Crime rates have been declining in Canada for decades, as a result of demographics rather than policy initiatives. Here, as in other countries, most crimes are committed by young men, and because we have been producing fewer children of either gender there are not as many young men to commit them. According to Statistics Canada, the crime rate fell by 15 percent between 1998 and 2007, but that’s only part of the story. In 2009, StatsCan introduced an index that measures not only the change in volume of a particular crime, but also its relative seriousness in comparison with others (for example, homicide and rape are assigned higher weights than, say, shoplifting and creating mischief). The index shows that for the same decade, 1998 to 2007, the severity of crime in Canada fell by 21 percent.
Why, then, do so many Canadians believe the situation is getting worse? How is it possible that there were 77,000 fewer crimes in 2008 than the year before—including fewer violent crimes, which account for one in five in Canada—and yet almost half of us continued to believe just the opposite? Troubling in itself, this misconception also infects our attitudes toward the criminal justice system as a whole. Many Canadians conclude that it puts the interests of offenders ahead of those of victims, because they underestimate the severity of our sentencing and overestimate the number of offenders we parole. This is the dark ignorant soil in which take root the reactionary impulses that favour punitive measures such as mandatory minimum sentences over those that promote prevention and rehabilitation.
Misconceptions about crime also corrupt our attitudes toward other social issues, including immigration, as Walrus senior editor Rachel Giese reports in this issue (“Arrival of the Fittest”). A casual reading of the news leads many of us to believe that immigrants are more likely than native-born Canadians to engage in criminal activities. But, once again, the evidence suggests otherwise. Immigration, Giese writes, actually reduces levels of violence and crime—and for proof one need look no further than Toronto, where fully half the population is born outside Canada and the crime rate has dropped 50 percent since 1991.
The media is often blamed for these disconnects. Sensational reports of gruesome crimes are thought to distort our sense of reality and make us feel—irrationally—unsafe. So, perhaps, does a surfeit of televised police procedurals. But the problem is as much about what the media doesn’t do as about what it does. Just as financial literacy is essential to an understanding of business—how can you say profits are excessive if you haven’t calculated the return on invested capital?—so, too, is a knowledge of basic criminology essential to understanding the proper functioning of the criminal justice system. For instance, the number of murders in a given city in a given year is by itself a meaningless statistic; the relevant metric is the number of homicides per capita. Thus, more people were murdered in Toronto last year than in any city in the country, but you are still more likely to be the victim of a homicide in Regina, Abbotsford, or Trois Rivières, where the incidence of such crimes per hundred thousand population is higher.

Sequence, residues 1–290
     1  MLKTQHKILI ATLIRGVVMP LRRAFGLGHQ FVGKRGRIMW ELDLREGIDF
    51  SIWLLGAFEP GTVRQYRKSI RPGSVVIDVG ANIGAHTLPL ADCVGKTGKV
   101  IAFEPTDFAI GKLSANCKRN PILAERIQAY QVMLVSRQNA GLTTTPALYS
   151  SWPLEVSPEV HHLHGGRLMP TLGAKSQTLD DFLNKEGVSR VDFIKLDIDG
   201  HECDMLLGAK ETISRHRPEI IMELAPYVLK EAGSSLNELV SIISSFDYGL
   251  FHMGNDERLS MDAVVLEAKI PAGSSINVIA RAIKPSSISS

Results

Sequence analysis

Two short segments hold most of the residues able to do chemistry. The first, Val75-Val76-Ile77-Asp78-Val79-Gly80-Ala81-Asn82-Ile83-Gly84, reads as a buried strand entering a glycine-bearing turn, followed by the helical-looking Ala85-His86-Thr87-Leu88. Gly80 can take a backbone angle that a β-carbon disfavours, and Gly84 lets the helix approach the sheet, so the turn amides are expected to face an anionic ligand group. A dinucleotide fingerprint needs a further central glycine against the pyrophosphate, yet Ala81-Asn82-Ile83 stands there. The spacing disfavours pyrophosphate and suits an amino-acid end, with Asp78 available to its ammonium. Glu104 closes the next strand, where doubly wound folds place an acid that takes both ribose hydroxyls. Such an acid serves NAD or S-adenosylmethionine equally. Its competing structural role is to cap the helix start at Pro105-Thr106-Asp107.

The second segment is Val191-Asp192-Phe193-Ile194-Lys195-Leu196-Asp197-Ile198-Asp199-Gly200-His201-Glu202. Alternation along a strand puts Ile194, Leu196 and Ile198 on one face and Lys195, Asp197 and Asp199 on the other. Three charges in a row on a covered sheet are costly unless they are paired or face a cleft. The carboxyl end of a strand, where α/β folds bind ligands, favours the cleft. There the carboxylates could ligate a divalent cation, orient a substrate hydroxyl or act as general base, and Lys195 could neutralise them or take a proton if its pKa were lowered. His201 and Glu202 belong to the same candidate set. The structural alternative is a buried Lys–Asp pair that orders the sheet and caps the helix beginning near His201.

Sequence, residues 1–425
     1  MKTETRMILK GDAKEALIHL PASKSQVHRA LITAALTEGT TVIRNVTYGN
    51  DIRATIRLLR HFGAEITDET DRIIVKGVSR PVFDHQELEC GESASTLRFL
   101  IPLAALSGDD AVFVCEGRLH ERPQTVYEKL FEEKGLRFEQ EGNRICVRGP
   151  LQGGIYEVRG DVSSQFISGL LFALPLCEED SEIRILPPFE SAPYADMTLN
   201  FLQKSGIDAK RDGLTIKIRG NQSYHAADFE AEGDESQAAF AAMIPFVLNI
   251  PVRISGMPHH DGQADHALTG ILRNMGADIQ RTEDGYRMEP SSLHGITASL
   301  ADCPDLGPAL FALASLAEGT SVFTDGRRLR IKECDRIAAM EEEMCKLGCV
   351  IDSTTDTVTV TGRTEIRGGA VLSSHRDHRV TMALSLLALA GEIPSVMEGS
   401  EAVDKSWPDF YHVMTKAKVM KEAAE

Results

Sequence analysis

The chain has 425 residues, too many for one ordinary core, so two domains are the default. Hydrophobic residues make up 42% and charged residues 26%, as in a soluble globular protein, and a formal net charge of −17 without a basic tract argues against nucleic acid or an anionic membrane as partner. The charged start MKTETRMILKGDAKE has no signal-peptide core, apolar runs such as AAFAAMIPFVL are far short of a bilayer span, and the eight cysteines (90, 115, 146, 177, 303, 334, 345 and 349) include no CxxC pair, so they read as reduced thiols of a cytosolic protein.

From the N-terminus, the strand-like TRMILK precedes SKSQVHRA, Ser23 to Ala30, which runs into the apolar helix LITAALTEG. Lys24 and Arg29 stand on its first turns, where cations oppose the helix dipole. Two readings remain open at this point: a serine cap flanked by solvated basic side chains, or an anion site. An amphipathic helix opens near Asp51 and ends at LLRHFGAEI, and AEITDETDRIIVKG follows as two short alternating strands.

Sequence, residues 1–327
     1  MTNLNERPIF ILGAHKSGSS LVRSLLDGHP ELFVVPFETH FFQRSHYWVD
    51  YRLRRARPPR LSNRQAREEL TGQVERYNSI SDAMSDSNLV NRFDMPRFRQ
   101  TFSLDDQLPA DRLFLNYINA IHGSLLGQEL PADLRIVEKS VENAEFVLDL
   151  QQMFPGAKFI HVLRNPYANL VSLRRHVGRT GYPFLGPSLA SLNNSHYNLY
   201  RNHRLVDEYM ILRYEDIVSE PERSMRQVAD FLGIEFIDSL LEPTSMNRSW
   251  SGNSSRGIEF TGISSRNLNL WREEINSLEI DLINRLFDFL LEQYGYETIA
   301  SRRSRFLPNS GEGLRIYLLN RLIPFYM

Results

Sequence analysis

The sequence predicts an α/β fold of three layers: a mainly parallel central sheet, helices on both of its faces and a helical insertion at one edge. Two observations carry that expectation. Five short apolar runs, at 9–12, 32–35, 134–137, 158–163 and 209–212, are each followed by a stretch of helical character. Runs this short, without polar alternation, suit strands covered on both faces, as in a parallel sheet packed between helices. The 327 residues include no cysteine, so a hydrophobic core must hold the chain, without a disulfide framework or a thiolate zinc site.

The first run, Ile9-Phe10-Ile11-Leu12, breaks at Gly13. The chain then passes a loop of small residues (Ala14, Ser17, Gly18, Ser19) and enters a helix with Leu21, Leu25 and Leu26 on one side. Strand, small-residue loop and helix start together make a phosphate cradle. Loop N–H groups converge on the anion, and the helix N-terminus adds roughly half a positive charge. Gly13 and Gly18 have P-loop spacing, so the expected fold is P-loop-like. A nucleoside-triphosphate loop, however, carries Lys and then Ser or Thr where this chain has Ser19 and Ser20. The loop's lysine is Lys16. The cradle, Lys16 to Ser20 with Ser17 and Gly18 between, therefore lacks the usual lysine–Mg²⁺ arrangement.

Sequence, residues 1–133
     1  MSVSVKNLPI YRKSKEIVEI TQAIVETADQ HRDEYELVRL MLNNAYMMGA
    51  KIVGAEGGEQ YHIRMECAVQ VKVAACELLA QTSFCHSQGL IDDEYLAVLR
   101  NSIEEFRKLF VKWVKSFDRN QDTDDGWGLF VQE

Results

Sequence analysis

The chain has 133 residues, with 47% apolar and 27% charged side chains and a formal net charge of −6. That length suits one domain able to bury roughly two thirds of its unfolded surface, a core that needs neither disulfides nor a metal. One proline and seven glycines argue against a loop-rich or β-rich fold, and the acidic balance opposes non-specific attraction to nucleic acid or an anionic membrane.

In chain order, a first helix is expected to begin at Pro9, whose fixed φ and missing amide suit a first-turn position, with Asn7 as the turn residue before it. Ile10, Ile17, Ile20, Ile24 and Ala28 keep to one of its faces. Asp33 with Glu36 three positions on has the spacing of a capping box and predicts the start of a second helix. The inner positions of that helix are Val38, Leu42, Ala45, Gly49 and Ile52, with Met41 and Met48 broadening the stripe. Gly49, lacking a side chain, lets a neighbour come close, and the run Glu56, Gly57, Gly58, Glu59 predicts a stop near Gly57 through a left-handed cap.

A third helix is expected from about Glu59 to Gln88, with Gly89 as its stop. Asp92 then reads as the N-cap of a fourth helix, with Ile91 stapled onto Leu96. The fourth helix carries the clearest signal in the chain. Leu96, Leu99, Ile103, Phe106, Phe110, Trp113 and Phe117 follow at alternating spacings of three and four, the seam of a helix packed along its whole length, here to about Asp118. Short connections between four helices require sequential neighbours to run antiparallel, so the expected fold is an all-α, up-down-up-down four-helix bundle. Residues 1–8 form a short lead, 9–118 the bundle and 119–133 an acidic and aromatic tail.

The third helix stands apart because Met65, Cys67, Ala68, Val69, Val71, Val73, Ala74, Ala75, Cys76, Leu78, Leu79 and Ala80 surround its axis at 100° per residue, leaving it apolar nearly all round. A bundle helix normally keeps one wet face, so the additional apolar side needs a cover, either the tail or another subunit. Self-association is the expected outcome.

So, yes, our media should do more to promote literacy in these matters, but so should our politicians. Instead, we get Stephen Harper’s tough-on-crime agenda, which emphasizes harsher sentencing and parole regulations, policies that will result in higher rates of incarceration and, according to Correctional Services Canada, require an additional 2,500 prison spaces. The government puts the incremental cost at $2 billion, although Kevin Page, the parliamentary budget officer, believes it will be twice that number, if not more. But at any cost, it’s money wasted, because the evidence suggests that imprisoning more people for longer periods of time will not reduce crime. More disturbing, however, is the spectacle of Canadian politicians appealing to voters by advancing policies that pander to their ignorance. Policies so cynically made dishonour the people who advance them and can only compromise the quality of our criminal justice.
This appeared in the June 2011 issue.
John Macfarlane is the editor and co-publisher of The Walrus.
Dushan Milic has won numerous awards, most recently from Applied Arts magazine and the Society for News Design.